Never before has a reality TV show sparked a diplomatic incident. But Britain's "Celebrity Big Brother" is blazing uncomfortable new ground.
The show features the typical group of C-list celebrities. Among them Jermaine Jackson, Dirk Benedict (of "A Team" fame), a former Miss England who was stripped of her crown for sleeping with one of the judges, and a British woman named whose only claim to fame is that she came in third on a previous edition of "Big Brother."
The show's producers tossed in one genuine star into the mix: Indian actress Shilpa Shetty. She wasn't a household name in England, but she's a Bollywood superstar. Glamorous and beautiful, Shilpa Shetty is (as one newspaper columnist here put it) "a pedigree among the pit bulls."
Her female housemates have ganged up on her. Every night, they make merciless fun of her.
"I think she should f*'ing go home," the Ex-Miss England Danielle Lloyd said. "She doesn't even speak English properly!" Nevermind that Lloyd's Scouse accent is thicker than The Beatles before Ed Sullivan!
Jade Goody, the ex-"Big Brother" contestant, threw a downright tantrum at Shetty last night. "Go back to the slums," she said. "You're not a princess here!"
Shetty shouted back, "Well at least my claim to fame is not this!"
Her enormous fan-base in India is eager to avenge her. Demonstrators in one city burnt "Big Brother" in effigy. The Indian Parliament has lodged a formal complaint with the British government. Apparently outrage over the racist bullying of a Bollywood star is one thing Hindu nationalists and Muslim separatists can agree on.
The British Chancellor of the Exchequer, now on a trade mission to India, has faced a barrage of questions. He has reassured Indians, as much as he can, that Britain is a nation of fairness and tolerance. But the incident has reopened painful wounds from India's days as a British colony.
In London too there's been a backlash. On the floor of the House of Commons, no less, Prime Minister Tony Blair was asked his opinion. He begged off, "I have not seen the program in question, so I cannot comment upon it," said Blair. But he went on to reaffirm his opposition to "racism in all its forms."
The show's main advertiser, the Car Phone Warehouse, today withdrew its $6 million sponsorship of "Big Brother." The British TV regulator Ofcom has logged upwards of 30,000 complaints. That officially makes "Big Brother" the most complained-about show in British history.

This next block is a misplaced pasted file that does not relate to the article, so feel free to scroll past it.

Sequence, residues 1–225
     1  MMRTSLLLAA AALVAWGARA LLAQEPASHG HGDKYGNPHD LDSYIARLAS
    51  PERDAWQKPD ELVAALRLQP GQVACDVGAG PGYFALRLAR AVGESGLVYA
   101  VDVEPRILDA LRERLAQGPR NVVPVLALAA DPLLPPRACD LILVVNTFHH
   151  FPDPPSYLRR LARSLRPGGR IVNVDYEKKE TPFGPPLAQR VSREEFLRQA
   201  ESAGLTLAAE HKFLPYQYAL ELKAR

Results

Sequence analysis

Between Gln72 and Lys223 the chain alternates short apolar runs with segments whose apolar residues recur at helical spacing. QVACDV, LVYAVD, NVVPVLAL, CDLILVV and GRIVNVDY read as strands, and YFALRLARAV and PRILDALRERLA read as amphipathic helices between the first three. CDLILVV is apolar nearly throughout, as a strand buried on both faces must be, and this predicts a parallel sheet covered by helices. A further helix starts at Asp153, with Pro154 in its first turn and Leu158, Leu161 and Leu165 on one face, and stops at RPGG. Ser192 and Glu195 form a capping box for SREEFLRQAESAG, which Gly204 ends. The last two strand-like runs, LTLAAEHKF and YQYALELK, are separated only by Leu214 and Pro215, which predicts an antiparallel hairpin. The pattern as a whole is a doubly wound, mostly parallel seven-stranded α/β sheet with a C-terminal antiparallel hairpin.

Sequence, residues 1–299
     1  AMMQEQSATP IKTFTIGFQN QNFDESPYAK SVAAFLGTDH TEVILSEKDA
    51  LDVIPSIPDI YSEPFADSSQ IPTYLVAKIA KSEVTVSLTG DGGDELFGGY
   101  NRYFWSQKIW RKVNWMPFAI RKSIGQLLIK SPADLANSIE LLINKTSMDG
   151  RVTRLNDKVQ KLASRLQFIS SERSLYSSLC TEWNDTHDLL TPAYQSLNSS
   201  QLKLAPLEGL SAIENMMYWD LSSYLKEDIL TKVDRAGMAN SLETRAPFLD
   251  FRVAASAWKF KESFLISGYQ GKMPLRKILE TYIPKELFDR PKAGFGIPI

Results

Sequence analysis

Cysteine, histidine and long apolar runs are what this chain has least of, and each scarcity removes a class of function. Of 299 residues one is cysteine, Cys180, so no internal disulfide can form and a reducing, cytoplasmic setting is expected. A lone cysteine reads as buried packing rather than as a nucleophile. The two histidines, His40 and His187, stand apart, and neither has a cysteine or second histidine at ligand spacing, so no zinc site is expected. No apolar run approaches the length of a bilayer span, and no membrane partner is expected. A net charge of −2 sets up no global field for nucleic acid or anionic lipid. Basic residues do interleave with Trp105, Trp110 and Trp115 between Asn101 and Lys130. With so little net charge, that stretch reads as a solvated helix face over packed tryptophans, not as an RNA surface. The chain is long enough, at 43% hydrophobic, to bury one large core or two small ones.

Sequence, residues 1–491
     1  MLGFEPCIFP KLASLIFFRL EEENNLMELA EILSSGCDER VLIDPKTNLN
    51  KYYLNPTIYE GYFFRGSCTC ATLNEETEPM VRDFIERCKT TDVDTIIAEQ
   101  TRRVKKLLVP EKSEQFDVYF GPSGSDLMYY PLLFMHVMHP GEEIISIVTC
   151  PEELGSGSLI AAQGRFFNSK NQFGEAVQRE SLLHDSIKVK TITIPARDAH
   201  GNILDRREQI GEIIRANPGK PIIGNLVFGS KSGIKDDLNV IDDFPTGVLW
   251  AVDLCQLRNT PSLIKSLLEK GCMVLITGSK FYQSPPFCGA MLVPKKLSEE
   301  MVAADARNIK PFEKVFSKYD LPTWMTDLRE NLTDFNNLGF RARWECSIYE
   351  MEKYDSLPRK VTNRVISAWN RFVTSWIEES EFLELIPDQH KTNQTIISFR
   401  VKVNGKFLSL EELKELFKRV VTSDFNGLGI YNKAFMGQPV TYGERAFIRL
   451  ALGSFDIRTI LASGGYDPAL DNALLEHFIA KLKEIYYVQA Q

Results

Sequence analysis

On Thursday, local police launched a hate crimes investigation after Shetty identified the bullying as racist.
"This is what today's UK is," she told a sympathetic housemate. "It's scary."
But on Thursday's broadcast, she retracted that charge, acknowledging that people say mean things in a fit of anger.
Actor Dirk Benedict was less charitable. He nominated Shetty's main tormenter Jane Goody for eviction. "She has issues," he said. "She has more issues than the Democratic party in America."
On Friday, either Shetty or Goody will be evicted. The viewers decide.
Sequestered in the "Big Brother" house, the contestants have no idea how the fight is being perceived by the outside world. Goody will be surprised to learn that an anti-bullying charity she supports has dropped her as a spokesperson, or that today British stores started pulling her line of perfume from the shelves.
She represents a particular type of British working class hero. Known as a "Chav," she's been described by one news reporter as a person for whom "no heel is too high, no tan too fake." But other Chavs are turning against her.
British bookies say the smart money is on Shetty to stay and win. Having kept a brave face through all this abuse, her star is on the rise.
London video store owner Deepak Pattni said, "She's going to be an even bigger star now. Everyone is asking about her movies."
Apparently even on "Big Brother," dignity has its rewards.